We don’t think about Santa at all. I have a hard enough time remembering to thank God for it all.

  11. I don’t like Santa getting all the credit, either! My niece has anxiety and for her first couple years they put a note on the door for Santa to leave the presents on the porch and not enter the house. Still made her anxious, so they just took her the truth.

  12. As a child in my family, Christmas Eve we opened one presnt from my parents, which was always pajamas or something like that, then Christmas morning we opened up wrapped presents from my parents as well as what Santa brought, which was anything that would fit in a stocking. Our Santa brought things like crayons, coloring books, and festive socks

    In my husbands family, all of the parent’s gifts were opened on Christmas Eve, and on Christmas morning the kids would come out to see their gifts, unwrapped, arrayed on couches and chairs. Their Santa brought things like video game systems and dollhouses.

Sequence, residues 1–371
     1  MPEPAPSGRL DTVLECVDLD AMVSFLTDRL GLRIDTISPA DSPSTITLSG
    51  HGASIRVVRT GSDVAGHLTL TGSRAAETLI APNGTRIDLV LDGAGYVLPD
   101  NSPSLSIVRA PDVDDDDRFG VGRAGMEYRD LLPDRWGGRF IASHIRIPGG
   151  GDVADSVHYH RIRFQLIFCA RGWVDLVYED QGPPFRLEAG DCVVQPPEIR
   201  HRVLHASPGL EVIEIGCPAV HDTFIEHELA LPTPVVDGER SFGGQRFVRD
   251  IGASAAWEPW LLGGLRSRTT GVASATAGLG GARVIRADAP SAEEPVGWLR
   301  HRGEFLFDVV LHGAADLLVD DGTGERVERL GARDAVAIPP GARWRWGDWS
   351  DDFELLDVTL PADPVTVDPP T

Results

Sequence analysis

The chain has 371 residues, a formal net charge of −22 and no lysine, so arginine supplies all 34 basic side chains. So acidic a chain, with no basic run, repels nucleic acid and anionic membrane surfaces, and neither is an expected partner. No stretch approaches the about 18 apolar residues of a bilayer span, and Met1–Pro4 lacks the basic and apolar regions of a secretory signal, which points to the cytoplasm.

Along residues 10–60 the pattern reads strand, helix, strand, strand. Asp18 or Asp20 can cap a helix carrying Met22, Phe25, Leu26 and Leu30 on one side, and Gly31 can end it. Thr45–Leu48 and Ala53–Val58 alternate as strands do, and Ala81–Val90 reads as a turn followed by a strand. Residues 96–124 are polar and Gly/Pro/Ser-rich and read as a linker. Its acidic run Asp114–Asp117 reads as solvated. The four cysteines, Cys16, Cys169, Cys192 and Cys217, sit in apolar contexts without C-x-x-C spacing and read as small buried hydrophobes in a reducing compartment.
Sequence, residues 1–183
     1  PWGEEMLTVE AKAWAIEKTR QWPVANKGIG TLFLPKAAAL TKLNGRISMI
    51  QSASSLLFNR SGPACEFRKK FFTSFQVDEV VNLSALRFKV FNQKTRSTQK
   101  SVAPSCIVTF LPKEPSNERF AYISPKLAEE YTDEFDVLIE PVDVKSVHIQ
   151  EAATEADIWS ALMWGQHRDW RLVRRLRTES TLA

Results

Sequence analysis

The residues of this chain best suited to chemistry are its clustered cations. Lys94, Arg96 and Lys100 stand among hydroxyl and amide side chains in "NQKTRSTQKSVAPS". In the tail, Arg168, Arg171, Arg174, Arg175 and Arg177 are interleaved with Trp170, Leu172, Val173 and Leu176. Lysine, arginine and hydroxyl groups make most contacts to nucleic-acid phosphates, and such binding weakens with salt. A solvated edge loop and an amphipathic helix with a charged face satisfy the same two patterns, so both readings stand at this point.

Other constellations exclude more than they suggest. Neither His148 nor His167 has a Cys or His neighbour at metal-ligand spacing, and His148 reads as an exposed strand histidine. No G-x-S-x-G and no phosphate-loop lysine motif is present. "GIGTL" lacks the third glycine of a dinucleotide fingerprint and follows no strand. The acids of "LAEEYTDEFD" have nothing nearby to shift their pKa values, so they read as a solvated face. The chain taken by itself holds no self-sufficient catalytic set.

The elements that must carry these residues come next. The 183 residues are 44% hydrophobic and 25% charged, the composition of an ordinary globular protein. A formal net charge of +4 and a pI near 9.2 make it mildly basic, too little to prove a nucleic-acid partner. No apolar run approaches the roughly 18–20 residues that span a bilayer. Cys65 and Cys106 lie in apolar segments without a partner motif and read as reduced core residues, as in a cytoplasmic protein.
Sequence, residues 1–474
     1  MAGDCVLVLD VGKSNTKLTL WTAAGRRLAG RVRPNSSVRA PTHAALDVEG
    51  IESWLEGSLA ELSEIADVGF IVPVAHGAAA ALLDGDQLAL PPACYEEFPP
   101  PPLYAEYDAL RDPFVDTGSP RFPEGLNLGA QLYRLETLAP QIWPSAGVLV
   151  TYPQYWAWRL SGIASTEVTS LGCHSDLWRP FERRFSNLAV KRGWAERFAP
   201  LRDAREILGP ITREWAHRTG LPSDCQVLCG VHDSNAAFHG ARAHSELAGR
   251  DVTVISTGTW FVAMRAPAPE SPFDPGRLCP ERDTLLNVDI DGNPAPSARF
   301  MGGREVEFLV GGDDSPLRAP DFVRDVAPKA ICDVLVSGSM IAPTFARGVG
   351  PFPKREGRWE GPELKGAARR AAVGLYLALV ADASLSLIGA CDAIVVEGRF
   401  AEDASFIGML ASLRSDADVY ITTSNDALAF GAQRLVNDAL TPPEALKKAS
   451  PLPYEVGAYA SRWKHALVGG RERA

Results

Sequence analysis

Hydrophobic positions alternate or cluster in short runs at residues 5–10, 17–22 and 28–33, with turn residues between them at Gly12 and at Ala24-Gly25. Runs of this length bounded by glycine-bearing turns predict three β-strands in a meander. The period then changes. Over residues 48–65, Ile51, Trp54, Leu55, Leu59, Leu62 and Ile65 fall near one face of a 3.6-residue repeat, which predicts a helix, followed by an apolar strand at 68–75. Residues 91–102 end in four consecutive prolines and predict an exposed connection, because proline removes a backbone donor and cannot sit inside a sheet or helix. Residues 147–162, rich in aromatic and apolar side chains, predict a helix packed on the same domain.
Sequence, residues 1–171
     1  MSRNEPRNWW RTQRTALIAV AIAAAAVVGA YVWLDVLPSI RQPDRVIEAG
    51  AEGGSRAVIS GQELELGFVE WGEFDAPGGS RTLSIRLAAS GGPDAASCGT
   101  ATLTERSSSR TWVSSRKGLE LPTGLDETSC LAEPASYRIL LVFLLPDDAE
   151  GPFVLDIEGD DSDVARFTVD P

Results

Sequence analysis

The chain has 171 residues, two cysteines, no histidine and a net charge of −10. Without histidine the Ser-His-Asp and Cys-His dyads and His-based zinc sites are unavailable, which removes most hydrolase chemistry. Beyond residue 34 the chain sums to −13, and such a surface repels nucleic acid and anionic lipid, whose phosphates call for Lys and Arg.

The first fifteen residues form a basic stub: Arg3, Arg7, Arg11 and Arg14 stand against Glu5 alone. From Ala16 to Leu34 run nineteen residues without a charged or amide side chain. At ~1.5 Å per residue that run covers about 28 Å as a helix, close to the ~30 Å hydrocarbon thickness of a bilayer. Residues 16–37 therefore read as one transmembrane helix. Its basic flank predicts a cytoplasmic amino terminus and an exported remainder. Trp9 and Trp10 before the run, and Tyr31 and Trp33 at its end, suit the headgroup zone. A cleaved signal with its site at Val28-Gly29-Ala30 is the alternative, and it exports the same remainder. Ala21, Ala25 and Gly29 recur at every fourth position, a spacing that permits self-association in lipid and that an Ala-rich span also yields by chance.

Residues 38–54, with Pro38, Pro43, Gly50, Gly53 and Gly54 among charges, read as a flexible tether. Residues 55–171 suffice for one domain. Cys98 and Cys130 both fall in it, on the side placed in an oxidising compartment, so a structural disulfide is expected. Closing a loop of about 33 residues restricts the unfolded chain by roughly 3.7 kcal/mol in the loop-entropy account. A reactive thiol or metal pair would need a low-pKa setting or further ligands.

Our combination is that Santa brings one gift, and we try to make it whatever she asks Santa for ((this year it is a bow and arrow). It is unwrapped, on the couch with her stocking, which contains some other small toys that fit in stockings. Mom and Dad get all the other stuff for her, as well as the credit for it.

  13. I could do without Santa at all, wife disagrees though. So Santa gets to fill the stockings and I try not to roll my eyes too much when he shows up at ward Christmas parties. When the kids ask about getting something from Santa I always say/ask “Santa is fine, but where do all good gifts come from? Who do we thank for all we have?”